Sunday, October 23, 2011
Epic Lesson Yesterday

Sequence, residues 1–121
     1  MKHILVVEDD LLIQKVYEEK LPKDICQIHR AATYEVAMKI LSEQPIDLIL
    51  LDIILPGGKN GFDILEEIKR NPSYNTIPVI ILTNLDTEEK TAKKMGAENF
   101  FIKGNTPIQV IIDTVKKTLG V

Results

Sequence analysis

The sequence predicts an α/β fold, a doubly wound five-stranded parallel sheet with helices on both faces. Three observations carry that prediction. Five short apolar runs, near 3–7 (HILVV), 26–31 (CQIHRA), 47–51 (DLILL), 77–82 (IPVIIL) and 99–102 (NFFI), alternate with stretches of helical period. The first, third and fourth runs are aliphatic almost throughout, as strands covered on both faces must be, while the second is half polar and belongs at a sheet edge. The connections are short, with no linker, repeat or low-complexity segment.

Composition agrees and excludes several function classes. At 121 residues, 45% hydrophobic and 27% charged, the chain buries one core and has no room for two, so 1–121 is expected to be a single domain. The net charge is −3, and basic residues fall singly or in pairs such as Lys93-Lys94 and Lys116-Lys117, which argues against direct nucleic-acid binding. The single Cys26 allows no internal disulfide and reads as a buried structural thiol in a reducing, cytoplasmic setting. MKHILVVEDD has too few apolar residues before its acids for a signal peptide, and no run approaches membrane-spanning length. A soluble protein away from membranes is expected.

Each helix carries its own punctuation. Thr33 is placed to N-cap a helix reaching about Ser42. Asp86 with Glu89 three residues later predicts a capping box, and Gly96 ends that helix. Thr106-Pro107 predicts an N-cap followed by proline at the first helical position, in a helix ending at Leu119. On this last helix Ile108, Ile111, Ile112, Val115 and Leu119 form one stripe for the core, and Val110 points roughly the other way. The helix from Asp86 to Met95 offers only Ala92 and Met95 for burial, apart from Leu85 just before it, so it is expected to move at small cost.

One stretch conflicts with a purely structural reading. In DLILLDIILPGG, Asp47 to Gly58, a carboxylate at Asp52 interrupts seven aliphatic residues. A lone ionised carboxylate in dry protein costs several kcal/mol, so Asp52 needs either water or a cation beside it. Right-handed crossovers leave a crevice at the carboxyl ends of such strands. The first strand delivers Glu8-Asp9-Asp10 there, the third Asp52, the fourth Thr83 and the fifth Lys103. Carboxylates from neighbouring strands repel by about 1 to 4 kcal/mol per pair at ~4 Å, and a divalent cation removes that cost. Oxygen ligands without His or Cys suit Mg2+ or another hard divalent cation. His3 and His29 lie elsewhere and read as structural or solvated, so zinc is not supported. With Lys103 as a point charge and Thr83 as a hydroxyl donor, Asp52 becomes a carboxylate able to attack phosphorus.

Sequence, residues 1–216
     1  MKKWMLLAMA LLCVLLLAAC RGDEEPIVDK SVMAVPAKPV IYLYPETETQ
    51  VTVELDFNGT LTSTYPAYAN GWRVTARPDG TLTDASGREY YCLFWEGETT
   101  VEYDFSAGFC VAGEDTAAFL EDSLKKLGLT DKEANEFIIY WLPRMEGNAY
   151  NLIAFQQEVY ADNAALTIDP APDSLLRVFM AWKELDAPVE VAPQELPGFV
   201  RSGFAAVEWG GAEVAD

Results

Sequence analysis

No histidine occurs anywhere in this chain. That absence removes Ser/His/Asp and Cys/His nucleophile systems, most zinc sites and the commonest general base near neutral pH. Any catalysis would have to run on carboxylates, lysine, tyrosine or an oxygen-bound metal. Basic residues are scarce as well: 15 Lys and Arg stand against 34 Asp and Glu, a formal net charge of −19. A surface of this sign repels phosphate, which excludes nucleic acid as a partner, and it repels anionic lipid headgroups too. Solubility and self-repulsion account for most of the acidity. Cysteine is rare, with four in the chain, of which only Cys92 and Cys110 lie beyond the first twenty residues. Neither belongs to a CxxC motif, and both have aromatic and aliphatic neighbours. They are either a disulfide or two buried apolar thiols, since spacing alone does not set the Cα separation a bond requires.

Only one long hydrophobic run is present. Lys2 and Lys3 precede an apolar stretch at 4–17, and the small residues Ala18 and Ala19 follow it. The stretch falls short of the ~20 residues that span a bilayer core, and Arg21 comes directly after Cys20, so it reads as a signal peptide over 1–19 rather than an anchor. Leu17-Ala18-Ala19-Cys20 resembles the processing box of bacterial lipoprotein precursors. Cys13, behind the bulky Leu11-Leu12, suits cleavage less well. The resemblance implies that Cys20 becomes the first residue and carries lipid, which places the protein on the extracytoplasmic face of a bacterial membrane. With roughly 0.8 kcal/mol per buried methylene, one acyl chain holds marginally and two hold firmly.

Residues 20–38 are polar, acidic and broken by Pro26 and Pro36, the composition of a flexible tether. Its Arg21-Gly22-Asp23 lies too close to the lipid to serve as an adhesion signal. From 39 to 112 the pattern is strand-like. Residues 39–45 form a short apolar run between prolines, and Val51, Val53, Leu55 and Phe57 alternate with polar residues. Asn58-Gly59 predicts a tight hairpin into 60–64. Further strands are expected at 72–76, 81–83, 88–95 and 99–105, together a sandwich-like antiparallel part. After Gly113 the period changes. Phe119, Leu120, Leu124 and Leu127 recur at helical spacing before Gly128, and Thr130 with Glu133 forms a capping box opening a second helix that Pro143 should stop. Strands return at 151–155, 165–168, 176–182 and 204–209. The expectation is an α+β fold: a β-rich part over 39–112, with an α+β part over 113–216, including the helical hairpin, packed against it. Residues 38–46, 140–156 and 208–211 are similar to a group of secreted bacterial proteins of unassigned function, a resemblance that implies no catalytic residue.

Yesterday's lesson was so epic I have to write about it. We will call my pupil "AC" for the sake of internet privacy. AC has taken lessons from a few different schools - in Costa Rica and in New York. She has her own board and suit and has given surfing a few gos on her own before contacting me for private lessons. The first two attempts we made at a lesson were gnarly to say the least. The first one the waves were 3-5 foot with 25 knot on shores. AC made it out the back a few times and took a few on the head with gusto, never losing the board except when close to shore. After about an hour we called it a day and rescheduled. Lesson two, two weeks later, was much smaller but the winds were even harder - probably about 35-40 knots with gale force out of the southwest. I thought, "Well when you're learning it's good to just catch a few whitewaters even if it's blown to bits." So we suited up and went down to the beach. The 9'6" red tank was like an airplane wing. It felt like some kind of Navy Seals training drill carrying it to and from the water. I started to doubt our plan, but New Yorkers don't have much time, so I figured for her sake and mine it was still worth a go. We tried catching a few whitewaters but it was so jumbled and chaotic that that ended shortly. Then we paddled out the back. The wind was so strong it was pushing us eastward so I had AC grab onto my ankle and I paddled us in. I pushed her into one wave which she stood up on and then we called it a session. On the way back we concluded that we'd keep a close eye on conditions for the third lesson. This means I'd text her an hour prior to heading out - so that I could be sure about winds and swell. Yesterday everything (except traffic) seemed to align perfectly. The cams were clear: 1-3 foot, light side shore, low tide going high. My fish is in ding repair so I just brought the red tank and AC brought her board - a 7'10" Al Merrick tuflite (surf tech). The was actually the first lesson that she had her own board - it was up in Boston the previous two. On those occasions she rode the tank and I was on my fish. This time it seemed best for her to get to know her board and if it seemed too small, she could hop on the tank and I could ride her board and get a feel for its strengths and weaknesses. The weather was nippy first thing in the morning, but by the time we got to the beach the sun was beaming and the temp seemed to get up to about 60 degrees. We did the obligatory surf check and to our delight saw empty peelers with light winds. Surf lesson on - we suited up both in our 3/2 full suits (no hood, no gloves, no booties), put on plenty of sunscreen, I donned my yellow surf lesson trucker cap, waxed the boards, and headed down to the beach. We went over more style points on the beach and I explained our strategy to AC: first we'll paddle out the back and practice more board control, then we'll head into the whitewaters, you'll catch a few, and we'll take it from there. She paddled out on her board and I on the tank. When got out the back we sat on our boards both relieved and stoked that it was not a kazillion miles an hour onshore. She was a bit unstable on her board but didn't have problems paddling it out. After twenty minutes of turning in circles we headed inside to catch a few. She did stand up a few times on her board but it didn't have the glide or the weight to carry her inside with ease. I made a decision: you're riding the tank. We switched boards and walked out into waste deep water. AC caught a white water, stood up and cruised all the way to shore. Stoked, but she was crouching a little too much and looked a little stiff. In an effort to undo a few bad surf lessons from previous schools and instructors, I suggested she try to surf parallel stance (both feet facing forward) on her next wave. This she did. It looked great. When she was walking back out I caught a few waves on her board and was reminded why I hate surf techs: they are way too light. It was not difficult for me to catch waves on per se, but I did have to use a ton of strength and forward momentum to get into them. When on the wave you ride too high and floaty, never really feeling your rail sink in the way you do on a fiberglass board. Also putting myself in the mindset of a beginner, this board is just too light for someone who is still developing their paddling abilities and wave judgment skills. The same size, the same shape, just in a big heavy fiberglass finish, and with a single fin instead of tri fin set up would be perfect. Probably wouldn't hurt to be about a foot longer too - anywhere from 8'6" to 8'10". No offense to AC on the purchase - there was at that point no way for her to know this. At any rate, it was clear that I'd keep AC on the tank for a majority of the lesson. After she came back out I coached her into a few more whitewaters. The cockroach crouch, like cockroaches themselves, is hard to squash. She definitely wanted to revert back to that, so I said, "On your next wave just try to stand as tall as feels comfortable while staying relaxed." And that she did and it looked excellent - like Daizy Shane at the beginning of Glass Love (well maybe not that good, but getting close!). We had to make a few adjustments to the way she started paddling for the whitewaters - off kilter to the right a bit - it just took a little more guidance from the outside right hand on the tail of the board. Since she was progressing so rapidly I knew it was time to learn to crouch with style (almost in the barrel stance, but not that exaggerated). We went onto the beach and I showed her the body movements for going from an entirely crouched to an entirely upright stance. It takes a lot of hip twist and flexibility in the back knee and ankle. Many people want the back knee to fold outwards, when what is really needed is for it to fold forward with the back foot sort of pivoted on the ball and toes - heel up just a touch. I went out and demonstrated on a few white waters. Then we went back out and she did it herself. From this point on the cockroach had been finally squashed. It was time for her to start paddling for and catching her own waves without standing in waste deep water. I asked if she wanted to try it on her own board, just to see. She said, "yeah," so we switched again, but it became readily clear that it wasn't going to happen after about 3 or 4 tries. Switched back. And she successfully paddled out, turned the board around from the sitting position, and stroked into a few, stood up, and surfed gracefully towards shore. Her feet were getting numb. The water was about 60 degrees. Still not cold enough for the full winter get up. I didn't get cold. Sometimes it's all about individual circulation. At any rate, it was time for her to catch her last wave. We came into the beach and I said, "You're going to paddle out on your own, judge your own wave, turn the board around, catch it and ride in. I'm staying on the beach to watch. You got it." This of course is the highlight of the session. She paddles out and sits down. I see a set approaching then I see her start to turn the board around. I'm thinking, "She sees it! She's going to go for it." She gets the board facing shore in one fluid movement, lays down and starts paddling. The wave has broken out the back and she catches the whitewater, stands up casually and surfs in, getting bobbled off close to shore. So rad. It is amazing to see this sort of progression in such a small time frame. Next up for AC is green waters, rail grabbing, and getting the pop up to be even smoother and faster. In a sense, the first two lessons weren't for nothing. If anything she gained valuable paddling and ocean knowledge, which set her up for such success this third go round. Every time I teach I seem to get a new insight into techniques I employ usually without thinking. The student forces me to make these techniques conscious to myself and thus I learn how to explain them clearly. Well that's the end of the surf part of the story. The drive back was bit traffic-y but it was cool to go over the session and AC taught me about her job in finance and about the crazy stock market, Bloomberg machines, and why you might want to invest should Greece default.